14/04/2014 - 11:35

Engineering construction set to fall

14/04/2014 - 11:35

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Civil construction activity in Western Australia is set to fall by about 25 per cent over the next five years as a number of major resources projects are completed, according to a new report by forecaster BIS Shrapnel.

Hancock Prospecting's Roy Hill project has provided opportunities for WA engineering contractors.

Civil construction activity in Western Australia is set to fall by about 25 per cent over the next five years as a number of major resources projects are completed, according to a new report by forecaster BIS Shrapnel.

The report predicts resources-related engineering construction will fall by 42 per cent over the next five years, with the downturn to be felt hardest in Western Australia and Queensland.

The value of annual civil construction activity in WA is set to fall by about $10 billion between 2013/14 and 2016/17.

However the total sum of construction work done in Western Australia over that period is forecast to come in at more than $170 billion, well ahead of Queensland ($130 billion) and New South Wales ($100 billion).

Several major resources projects are set to be completed in that period, including Chevron's Gorgon and Wheatstone liquefied natural gas projects and Hancock Prospecting's Roy Hill iron ore mine.

The next round of LNG projects beyond that period are set to include floating offshore production platforms with far less local construction.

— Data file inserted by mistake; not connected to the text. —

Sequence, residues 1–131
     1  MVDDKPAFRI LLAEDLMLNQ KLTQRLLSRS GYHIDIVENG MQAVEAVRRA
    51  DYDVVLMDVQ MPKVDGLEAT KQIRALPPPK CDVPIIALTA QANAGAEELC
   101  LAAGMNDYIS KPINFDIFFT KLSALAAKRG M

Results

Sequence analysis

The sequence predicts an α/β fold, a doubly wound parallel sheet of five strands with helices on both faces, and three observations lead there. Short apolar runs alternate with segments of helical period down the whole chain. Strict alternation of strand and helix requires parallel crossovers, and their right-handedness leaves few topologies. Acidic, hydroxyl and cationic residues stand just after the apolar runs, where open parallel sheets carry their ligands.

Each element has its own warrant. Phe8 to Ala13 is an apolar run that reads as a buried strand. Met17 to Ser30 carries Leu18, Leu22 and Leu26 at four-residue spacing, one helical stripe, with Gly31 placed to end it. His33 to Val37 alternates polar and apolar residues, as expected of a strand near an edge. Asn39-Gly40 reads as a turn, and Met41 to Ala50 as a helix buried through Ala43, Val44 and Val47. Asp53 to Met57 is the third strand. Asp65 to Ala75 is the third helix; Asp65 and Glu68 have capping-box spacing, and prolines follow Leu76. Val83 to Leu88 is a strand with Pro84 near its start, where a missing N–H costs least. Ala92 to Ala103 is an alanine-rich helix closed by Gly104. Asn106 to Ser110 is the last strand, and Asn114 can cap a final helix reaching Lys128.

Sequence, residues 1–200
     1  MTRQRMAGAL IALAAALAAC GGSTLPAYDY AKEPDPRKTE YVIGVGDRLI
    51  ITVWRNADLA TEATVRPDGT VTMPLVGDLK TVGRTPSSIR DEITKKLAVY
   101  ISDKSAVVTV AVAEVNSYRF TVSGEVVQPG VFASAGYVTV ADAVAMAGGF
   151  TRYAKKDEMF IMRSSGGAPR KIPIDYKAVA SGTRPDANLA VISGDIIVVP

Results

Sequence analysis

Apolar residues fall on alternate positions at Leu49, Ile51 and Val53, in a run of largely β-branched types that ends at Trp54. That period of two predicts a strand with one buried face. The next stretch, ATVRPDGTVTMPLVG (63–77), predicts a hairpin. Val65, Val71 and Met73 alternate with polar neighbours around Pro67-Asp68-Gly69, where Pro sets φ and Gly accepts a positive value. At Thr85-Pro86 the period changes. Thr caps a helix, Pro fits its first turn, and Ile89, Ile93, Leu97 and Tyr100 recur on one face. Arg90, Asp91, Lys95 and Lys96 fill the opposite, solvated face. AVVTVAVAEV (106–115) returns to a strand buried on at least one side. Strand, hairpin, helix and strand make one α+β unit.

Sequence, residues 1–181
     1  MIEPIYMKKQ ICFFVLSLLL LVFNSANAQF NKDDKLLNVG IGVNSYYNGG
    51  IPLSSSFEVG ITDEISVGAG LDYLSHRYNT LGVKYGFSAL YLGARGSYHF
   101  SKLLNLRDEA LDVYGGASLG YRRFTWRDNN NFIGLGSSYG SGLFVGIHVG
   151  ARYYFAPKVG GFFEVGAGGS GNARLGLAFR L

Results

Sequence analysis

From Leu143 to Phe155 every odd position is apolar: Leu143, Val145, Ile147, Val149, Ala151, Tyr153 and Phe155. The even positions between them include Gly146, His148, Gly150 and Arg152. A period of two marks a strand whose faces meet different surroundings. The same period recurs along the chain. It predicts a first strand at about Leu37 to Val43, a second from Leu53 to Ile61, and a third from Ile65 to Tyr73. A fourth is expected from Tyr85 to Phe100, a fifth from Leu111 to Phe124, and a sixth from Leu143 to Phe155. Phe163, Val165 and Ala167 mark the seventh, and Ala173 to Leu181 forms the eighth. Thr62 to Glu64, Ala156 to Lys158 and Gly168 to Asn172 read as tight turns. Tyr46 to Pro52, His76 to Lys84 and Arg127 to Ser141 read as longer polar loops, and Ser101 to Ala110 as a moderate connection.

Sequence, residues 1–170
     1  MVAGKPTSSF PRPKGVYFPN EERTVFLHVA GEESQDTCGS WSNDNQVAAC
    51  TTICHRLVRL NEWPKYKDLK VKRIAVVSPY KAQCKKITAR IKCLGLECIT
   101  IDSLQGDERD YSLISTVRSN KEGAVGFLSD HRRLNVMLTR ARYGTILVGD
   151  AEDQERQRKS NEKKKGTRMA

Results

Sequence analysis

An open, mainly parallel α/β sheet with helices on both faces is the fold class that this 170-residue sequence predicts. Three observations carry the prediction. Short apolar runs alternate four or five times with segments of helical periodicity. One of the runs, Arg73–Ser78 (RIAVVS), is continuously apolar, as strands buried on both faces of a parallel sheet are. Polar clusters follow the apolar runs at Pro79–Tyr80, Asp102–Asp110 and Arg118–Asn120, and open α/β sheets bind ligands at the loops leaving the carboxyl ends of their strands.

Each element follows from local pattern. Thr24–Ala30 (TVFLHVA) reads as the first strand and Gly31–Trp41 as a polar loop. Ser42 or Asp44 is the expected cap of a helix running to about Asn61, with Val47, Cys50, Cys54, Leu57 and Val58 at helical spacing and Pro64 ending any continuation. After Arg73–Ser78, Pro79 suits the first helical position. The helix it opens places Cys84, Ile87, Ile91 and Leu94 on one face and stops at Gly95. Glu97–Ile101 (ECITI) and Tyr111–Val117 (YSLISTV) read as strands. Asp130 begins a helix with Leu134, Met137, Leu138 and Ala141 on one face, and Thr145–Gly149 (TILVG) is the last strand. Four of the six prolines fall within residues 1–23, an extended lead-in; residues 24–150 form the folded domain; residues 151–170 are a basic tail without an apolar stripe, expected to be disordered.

BIS Shrapnel senior infrastructure manager Adrian Hart said the decline in resources-related construction meant contractors would be looking to government infrastructure projects to fill the void.

"While public investment is falling sharply now, the prospects for telecommunications, roads and railways look better after the middle of the decade, but a lot depends on how state and federal governments can work together to deliver needed productivity-enhancing infrastructure, particularly in our capital cities," he said.

"In this respect, the current round of state and federal budgets will be vital in establishing project priorities but a lot more needs to be done to ensure we have sustainable revenue streams to fund infrastructure development and maintenance over the long term."

BIS Shrapnel expects Sydney will become Australia's next construction hotspot, with a raft of major government infrastructure projects set to be built in the coming years.

Activity is also set to increase sharply in the Northern Territory on the back of the $34 billion Ichthys LNG project, which has provided a number of opportunities for Western Australian contractors.

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